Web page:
"The narratives and scholarly essays combine with the photos to forge a powerful statement. As humans we see the world in color, so the Kodachrome images convey the circumstances, as we would experience them if we were there. This level of reality is something that existing black and white camp photos cannot duplicate."
-American Studies Journal
"The strength of this title is the photography: Manbo documents a people who rose above persecution and injustice to carry on traditions and form a community in a barren landscape. Anyone interested in documentary photography and American social and cultural history will appreciate this book. Highly recommended."
"Sheds new light on life in Wyoming's Heart Mountain internment camp. . . . Disarming. . . . [Manbo's] images show movement and smiles caught in a moment. The people do not perform because of his camera but in spite of it."
"This volume is at once a wonderful and rare addition . . . to the existing images of the Nikkei
experience while incarcerated during World War II."
-Nichi Bei Weekly
"[A] provocative and noteworthy collection. . . . [with] unquestionable cultural and historical significance."
"The photographs give a haunting account of what life was like for Japanese descents."--
-Daily Mail Online
"Poignant images of pickup baseball, judo matches, parades, and other daily life in a Wyoming internment camp for Japanese Americans during World War II."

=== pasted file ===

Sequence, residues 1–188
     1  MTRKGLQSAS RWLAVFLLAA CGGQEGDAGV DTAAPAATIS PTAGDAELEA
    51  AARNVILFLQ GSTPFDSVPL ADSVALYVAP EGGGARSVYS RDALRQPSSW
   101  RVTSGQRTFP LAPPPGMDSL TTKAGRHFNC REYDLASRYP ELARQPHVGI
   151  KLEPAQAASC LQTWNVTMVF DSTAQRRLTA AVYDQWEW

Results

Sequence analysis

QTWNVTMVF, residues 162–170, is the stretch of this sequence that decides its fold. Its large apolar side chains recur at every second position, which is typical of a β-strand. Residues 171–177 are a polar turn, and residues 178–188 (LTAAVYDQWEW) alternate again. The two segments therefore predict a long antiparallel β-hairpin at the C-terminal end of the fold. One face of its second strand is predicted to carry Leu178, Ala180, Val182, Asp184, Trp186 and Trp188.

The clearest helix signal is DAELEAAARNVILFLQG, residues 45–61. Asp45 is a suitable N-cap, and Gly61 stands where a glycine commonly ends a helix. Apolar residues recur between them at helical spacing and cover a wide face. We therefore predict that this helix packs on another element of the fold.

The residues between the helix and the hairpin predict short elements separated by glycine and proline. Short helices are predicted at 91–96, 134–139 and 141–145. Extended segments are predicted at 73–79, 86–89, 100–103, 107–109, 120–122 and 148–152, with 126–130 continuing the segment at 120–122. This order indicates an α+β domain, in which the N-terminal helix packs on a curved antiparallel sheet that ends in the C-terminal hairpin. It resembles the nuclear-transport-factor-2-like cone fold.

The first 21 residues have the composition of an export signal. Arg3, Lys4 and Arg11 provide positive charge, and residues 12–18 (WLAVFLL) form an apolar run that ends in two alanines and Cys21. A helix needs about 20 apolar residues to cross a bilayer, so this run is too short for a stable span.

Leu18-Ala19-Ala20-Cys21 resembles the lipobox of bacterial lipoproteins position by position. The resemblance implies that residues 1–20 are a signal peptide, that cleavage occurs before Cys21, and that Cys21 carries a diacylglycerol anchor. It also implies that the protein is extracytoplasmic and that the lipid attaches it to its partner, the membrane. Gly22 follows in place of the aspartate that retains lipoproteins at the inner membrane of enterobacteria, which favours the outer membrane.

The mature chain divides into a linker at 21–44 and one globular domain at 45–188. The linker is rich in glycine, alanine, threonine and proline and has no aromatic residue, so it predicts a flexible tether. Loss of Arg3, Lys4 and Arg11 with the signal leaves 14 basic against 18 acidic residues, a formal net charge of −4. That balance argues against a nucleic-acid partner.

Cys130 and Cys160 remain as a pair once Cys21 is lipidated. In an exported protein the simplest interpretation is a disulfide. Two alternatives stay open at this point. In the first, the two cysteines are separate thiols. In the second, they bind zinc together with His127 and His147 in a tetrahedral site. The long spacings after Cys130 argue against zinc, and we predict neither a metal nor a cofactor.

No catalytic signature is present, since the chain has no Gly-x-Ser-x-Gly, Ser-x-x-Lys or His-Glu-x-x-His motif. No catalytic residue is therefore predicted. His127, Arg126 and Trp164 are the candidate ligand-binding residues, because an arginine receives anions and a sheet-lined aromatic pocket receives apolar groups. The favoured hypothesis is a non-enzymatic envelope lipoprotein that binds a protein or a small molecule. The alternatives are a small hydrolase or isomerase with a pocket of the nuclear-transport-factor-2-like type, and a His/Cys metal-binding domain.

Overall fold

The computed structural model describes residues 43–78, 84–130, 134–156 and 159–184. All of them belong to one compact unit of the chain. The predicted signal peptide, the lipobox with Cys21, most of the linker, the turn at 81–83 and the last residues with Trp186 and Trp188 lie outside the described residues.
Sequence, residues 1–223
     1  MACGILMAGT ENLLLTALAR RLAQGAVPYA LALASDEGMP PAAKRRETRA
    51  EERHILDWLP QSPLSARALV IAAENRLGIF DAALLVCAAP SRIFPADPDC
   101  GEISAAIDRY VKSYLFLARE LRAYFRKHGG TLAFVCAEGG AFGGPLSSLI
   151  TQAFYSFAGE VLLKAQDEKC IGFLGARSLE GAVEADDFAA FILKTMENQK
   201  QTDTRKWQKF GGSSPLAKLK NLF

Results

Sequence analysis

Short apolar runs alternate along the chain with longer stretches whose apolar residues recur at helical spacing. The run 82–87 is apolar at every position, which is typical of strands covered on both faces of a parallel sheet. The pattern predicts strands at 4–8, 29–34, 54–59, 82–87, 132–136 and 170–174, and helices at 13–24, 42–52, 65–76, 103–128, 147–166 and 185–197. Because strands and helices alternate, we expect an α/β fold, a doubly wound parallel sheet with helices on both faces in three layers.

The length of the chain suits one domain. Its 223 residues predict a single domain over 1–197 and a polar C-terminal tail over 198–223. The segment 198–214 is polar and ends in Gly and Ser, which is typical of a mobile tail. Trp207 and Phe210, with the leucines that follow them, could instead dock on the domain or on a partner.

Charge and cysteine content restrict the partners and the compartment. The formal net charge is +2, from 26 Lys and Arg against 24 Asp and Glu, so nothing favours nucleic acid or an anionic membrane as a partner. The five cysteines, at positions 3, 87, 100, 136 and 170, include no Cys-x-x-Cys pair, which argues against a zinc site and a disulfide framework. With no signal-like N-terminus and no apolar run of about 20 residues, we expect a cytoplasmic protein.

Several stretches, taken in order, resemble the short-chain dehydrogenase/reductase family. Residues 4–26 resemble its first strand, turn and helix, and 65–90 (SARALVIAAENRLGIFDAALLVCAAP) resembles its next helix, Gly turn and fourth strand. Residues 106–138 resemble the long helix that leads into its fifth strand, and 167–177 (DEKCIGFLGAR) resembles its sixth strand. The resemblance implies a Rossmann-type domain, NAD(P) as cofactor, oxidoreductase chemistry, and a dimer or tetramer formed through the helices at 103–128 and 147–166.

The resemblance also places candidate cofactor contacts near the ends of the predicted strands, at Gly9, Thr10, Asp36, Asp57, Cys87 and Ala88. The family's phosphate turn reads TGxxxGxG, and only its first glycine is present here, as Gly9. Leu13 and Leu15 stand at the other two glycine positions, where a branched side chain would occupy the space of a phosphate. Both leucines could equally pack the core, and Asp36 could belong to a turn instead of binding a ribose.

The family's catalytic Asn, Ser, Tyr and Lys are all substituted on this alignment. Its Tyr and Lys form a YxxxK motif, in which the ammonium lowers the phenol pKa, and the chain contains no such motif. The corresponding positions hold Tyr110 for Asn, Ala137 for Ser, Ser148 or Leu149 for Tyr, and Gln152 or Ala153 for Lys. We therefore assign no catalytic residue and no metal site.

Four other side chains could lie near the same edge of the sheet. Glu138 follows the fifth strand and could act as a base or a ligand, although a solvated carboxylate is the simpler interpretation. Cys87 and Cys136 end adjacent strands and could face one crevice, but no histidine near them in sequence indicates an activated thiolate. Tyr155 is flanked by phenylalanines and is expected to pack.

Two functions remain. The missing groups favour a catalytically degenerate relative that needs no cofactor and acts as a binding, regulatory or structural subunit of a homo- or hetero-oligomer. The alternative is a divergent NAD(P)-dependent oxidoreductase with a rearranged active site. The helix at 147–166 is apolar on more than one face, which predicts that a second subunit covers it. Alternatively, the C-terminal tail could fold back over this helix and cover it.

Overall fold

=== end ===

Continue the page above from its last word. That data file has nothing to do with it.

-Military History Quarterly
"Muller recognized this power of color photography to revive the past and has created a book that presents the internee experience through a modern lens. Just as Manbo's slides were miraculously preserved (in a box in his son's garage), Muller's compilation will help preserve our collective memory of the internment experience."
-Hyphen: Asian America Unabridged
"This is a testament to the incredible power of photography. Even one frame can change the tide of public opinion because photography has the power to add layers to our understanding of how events transpired and how people were affected."
"Showcas[es] 65 color images from [Bill Manbo's] rare collection. . . . Each of the essays helps the reader look at the photographs from a different perspective."
"These are not pictures of horrors of confinement but rather photos that show how the Japanese made lives for themselves."
"Injustice, in Kodachrome."
-The New York Times
"Eric Muller's Colors of Confinement
skillfully presents a multifaceted montage, integrating the insights of an historian, an expert on photography, and a former prisoner of Heart Mountain. The contributors demonstrate that Kodachrome images of Japanese American incarceration can offer a deeper understanding of the WRA camps, even as they raise troubling questions about memory, representation, and meaning."--Lane Ryo Hirabayashi, University of California, Los Angeles
"The color photographs of Bill Manbo are at once beautiful, poignant, and stinging with irony. Young girls in vibrantly colorful kimonos dancing in front of black tarpaper barracks, a teenager in full Boy Scout uniform lifting the stars and stripes up high in a U.S. concentration camp--these are pictures of resilience and fortitude from a dark chapter of American history."--George Takei
"I was imprisoned at Heart Mountain when I was twelve, so my memories of camp life are still vivid. Colors of Confinement
brings back these memories in living color and gives them new life. It was almost scary to be able to relive the experience while reading this book."--Norman Mineta